Copyright law is a subcategory of intellectual property law that is devoted to protecting works of authorship and artistic expression. Protected works may include architecture, films, music and writing.
Copyright protection gives owners the exclusive rights to reproduce, display and perform their protected works and, at least to some extent, in controlling the creation of works derived from the original works.
Common law copyright attaches to any work of authorship or expression when it is created. However, works may be registered with the Copyright Office for added statutory protection.
Copyright protection offers the owner the opportunity to benefit financially from distributing their work, while protecting against commercial exploitation by other parties, who may not make copies for commercial gain without permission. Copyrights offer much longer protection than patents, with a typical term of protection equal to the creator’s lifetime plus 70 years.
A trademark is a mark that is ideally recognized by consumers as indicating a source of manufacture or origin of goods and services. A trademark can protect a company’s name, slogan or other aspects of brand identity and tie a company itself and its products in the minds of the public.
Trademarks serve an important role in helping customers distinguish different companies and products from one another and identify brands for which they have come to know a consistent level of quality.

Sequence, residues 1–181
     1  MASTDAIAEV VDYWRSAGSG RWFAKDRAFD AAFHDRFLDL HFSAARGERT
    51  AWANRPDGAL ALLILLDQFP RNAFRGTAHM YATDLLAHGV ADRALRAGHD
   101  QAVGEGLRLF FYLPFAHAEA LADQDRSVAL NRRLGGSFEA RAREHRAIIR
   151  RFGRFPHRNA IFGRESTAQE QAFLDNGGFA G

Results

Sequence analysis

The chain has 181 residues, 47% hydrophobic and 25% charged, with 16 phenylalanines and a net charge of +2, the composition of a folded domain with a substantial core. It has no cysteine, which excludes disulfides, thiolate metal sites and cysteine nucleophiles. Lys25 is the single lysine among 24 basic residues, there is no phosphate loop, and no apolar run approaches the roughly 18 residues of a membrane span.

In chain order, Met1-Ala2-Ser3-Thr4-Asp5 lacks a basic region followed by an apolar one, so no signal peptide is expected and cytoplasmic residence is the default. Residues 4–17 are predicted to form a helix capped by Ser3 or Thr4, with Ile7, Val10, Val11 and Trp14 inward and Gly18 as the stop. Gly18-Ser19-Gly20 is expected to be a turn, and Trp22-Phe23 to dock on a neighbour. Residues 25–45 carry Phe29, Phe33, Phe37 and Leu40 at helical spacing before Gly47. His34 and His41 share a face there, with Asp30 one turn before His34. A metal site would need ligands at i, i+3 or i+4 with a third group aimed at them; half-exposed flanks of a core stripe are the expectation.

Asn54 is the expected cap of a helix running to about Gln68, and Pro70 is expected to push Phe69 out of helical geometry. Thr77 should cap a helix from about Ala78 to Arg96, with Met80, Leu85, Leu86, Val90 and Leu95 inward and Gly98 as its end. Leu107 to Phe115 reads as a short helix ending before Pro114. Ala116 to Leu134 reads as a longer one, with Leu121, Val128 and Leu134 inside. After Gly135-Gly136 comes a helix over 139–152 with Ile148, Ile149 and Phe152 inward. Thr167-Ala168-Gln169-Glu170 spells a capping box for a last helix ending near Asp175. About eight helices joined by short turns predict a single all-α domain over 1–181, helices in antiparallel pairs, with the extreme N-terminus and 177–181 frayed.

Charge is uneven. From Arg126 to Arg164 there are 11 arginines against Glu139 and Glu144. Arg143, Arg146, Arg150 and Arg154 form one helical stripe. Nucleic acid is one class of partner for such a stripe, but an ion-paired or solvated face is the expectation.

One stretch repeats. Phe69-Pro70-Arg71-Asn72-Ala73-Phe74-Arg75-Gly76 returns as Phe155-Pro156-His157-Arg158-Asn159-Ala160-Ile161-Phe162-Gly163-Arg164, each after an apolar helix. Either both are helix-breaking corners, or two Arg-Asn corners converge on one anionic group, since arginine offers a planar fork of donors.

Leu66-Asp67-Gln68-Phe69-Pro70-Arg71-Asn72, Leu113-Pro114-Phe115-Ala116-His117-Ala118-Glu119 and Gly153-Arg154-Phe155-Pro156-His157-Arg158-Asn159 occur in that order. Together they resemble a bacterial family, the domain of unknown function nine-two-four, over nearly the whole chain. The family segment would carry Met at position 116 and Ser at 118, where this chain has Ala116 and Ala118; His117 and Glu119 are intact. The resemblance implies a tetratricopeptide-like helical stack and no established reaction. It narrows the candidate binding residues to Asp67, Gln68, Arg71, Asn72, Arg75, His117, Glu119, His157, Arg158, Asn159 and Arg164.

Trademark enforcement can prevent misleading advertising that may confuse consumers and entice them into purchasing something that they mistakenly thought originated from a familiar source.
Examples of successful trademarks include the green and white Starbucks logo, the “Golden Arches,” widely known as being associated with the McDonald’s brand and the bird logo associated with the Twitter brand.
Unlike patents, trademarks do not require a complicated process to obtain. Basic common law trademark rights, usually with a certain limited geographical reach, may be asserted by using the simple TM mark after a logo or name.
However, by making a formal application for registration of a mark with the U.S. Patent and Trademark Office, a registered trademark may eventually be obtained known by the circle r or “ ® “ indicia.
The protection offered by a registered trademark is more substantial than a common-law right, and will depend on factors such as the type of service or product that is protected, the level of customer awareness and association of the mark with particular goods and services and any geographical restrictions or disclaimers that may become necessary during the registration application process.
A franchise is a legal arrangement between a franchisor and a franchisee that enables an individual or company, acting as the franchisee, to license the use of a name, business processes, trademarks, proprietary knowledge and so on, owned by the franchisor in order to conduct quasi-independently managed business operations.
MacDonald’s is a good example of a franchise operation. A franchisor may allow franchisees to operate a franchise in which they sell products or services using the company’s name in exchange for the payment of licensing royalties and startup fees.